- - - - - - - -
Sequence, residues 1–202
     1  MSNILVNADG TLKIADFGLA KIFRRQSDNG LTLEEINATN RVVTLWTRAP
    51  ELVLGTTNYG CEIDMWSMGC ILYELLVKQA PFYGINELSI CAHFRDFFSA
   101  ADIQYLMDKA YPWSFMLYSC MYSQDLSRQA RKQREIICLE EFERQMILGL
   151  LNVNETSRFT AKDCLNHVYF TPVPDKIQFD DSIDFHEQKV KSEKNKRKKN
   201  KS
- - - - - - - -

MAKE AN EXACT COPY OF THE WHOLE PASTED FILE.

Sequence, residues 1–202
     1  MSNILVNADG TLKIADFGLA KIFRRQSDNG LTLEEINATN RVVTLWTRAP
    51  ELVLGTTNYG CEIDMWSMGC ILYELLVKQA PFYGINELSI CAHFRDFFSA
   101  ADIQYLMDKA YPWSFMLYSC MYSQDLSRQA RKQREIICLE EFERQMILGL
   151  LNVNETSRFT AKDCLNHVYF TPVPDKIQFD DSIDFHEQKV KSEKNKRKKN
   201  KS